The NBA Draft is scheduled for Thursday, June 26, in Brooklyn. As we have done for the last several years, RTC will provide comprehensive breakdowns of 20 collegians likely to hear their names called by Adam Silver at some point in the draft’s first round. We’ll start with prospects currently slated for the back half of the opening round, but as June progresses we will slowly work our way up and through the presumptive lottery selections. RTC National Columnist Bennet Hayes is tackling this series; you can find him on Twitter @HoopsTraveler.
Player Name: Kyle Anderson
Height/Weight: 6’9”/230 lbs.
NBA Position: Point Guard/Small Forward
Projected Draft Range: Mid to Late First Round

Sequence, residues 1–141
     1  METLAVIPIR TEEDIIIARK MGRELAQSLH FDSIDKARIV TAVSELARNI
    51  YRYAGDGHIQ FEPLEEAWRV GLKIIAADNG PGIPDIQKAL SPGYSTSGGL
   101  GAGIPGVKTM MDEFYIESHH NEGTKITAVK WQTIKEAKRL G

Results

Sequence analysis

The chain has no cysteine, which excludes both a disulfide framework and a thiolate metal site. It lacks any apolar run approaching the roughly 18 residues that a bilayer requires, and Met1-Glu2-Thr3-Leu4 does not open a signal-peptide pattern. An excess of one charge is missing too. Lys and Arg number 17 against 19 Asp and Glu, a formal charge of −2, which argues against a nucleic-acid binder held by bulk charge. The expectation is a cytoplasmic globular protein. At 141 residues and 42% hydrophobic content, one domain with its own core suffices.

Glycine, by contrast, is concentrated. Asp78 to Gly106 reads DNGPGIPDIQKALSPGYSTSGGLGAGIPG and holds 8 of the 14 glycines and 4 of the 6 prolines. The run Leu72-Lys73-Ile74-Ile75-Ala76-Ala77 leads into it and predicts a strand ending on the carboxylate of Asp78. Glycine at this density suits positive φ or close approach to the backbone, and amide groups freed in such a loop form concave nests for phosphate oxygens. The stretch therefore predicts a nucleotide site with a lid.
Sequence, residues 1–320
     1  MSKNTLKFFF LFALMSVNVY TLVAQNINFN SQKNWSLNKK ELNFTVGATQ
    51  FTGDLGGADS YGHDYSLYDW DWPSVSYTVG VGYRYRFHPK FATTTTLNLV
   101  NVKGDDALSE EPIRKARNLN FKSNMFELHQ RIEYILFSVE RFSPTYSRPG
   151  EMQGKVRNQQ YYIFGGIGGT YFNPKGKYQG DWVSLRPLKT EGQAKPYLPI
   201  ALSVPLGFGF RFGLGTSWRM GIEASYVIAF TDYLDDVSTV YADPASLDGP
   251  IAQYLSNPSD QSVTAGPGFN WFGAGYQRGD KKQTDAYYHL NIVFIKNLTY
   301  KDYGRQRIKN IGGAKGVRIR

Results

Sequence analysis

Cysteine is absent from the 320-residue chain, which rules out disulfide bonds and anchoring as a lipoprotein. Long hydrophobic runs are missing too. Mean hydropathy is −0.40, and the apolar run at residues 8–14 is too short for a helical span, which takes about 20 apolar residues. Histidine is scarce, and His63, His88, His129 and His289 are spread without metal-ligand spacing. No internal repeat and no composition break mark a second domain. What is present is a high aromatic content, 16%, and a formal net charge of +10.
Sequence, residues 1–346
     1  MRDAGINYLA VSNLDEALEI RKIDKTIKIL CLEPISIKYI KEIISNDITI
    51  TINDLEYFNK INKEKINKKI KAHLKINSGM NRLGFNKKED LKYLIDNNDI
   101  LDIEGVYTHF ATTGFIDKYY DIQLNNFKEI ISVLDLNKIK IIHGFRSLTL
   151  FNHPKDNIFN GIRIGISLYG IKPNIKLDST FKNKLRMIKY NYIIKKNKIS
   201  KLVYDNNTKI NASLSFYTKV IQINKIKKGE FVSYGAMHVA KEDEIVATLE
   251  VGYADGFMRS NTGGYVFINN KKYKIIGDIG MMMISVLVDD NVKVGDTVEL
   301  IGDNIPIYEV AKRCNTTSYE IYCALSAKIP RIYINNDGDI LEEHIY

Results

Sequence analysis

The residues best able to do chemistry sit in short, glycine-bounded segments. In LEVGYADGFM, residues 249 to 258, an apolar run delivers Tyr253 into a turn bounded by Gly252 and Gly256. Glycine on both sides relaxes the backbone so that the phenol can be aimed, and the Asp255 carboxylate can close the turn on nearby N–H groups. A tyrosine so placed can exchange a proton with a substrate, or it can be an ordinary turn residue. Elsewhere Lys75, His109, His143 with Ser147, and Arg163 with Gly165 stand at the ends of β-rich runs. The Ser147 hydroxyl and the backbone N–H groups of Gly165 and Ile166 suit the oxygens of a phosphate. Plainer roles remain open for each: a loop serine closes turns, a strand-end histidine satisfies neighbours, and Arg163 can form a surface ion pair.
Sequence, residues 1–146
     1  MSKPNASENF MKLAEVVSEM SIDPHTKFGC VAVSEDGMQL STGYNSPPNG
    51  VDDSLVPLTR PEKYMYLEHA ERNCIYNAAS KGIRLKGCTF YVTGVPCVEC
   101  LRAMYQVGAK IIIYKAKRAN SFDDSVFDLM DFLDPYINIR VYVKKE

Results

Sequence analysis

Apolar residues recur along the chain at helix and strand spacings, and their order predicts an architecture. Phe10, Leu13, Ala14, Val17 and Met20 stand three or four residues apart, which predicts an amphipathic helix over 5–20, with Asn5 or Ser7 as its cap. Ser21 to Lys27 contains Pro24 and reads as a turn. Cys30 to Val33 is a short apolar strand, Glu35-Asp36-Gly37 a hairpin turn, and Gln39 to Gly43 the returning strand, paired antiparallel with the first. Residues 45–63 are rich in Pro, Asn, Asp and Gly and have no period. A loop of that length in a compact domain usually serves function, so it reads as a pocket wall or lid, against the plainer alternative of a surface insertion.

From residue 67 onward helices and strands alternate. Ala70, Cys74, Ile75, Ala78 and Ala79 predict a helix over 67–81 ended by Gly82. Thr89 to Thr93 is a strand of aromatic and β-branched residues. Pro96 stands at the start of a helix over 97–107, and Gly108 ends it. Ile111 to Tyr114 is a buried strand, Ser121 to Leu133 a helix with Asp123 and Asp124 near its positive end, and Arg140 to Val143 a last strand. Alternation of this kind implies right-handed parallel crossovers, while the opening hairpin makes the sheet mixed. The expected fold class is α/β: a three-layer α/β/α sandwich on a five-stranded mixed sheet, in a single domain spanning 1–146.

Overview: UCLA may be losing one of the most unique talents to grace the college hardwoods this millennium, but the Bruins’ loss is the 2014 NBA Draft’s gain, as Kyle Anderson has simultaneously become one of the most intriguing and confounding prospects of this or any draft. Long and rangy 6’9″ point guards don’t grow on trees, particularly ones who led their teams to the Sweet Sixteen and posted per game averages of 14.6 points, 8.8 rebounds, and 6.5 assists last season. Along the way, Anderson became the first Pac-12 player to compile 200 assists and 200 rebounds in a season — just one of many statistical firsts that this freakishly versatile sophomore recorded in 2013-14. New head man Steve Alford’s decision to let Anderson run his team’s point — he wasn’t offered that opportunity during a statistically pedestrian freshman season — paid almost immediate dividends, as Anderson fueled an up-tempo Bruins offense that quickly staked its claim among the nation’s best (they finished 13th nationally in offensive efficiency). A pair of potential first-rounders in this year’s draft (Zach LaVine and Jordan Adams), among others, joined Anderson in breaking the chains off the stagnancy of the Ben Howland era, but no player deserves more credit for that than Anderson. Aside from an unusually high turnover rate (20.2%) and occasionally soft one-on-one defense, Anderson offered positive contributions in nearly every area on the floor. He shot 48 percent from both two and three-point ranges, 73 percent from the line, and chipped in defensively with a combined 2.6 blocks and steals per contest. Below average athleticism (they call him “Slo-Mo” for a reason) and an uncertain role at the next level has the former UCLA guard grading out as a late first-rounder right now, but Kyle Anderson is as distinctive an NBA prospect as you will ever encounter.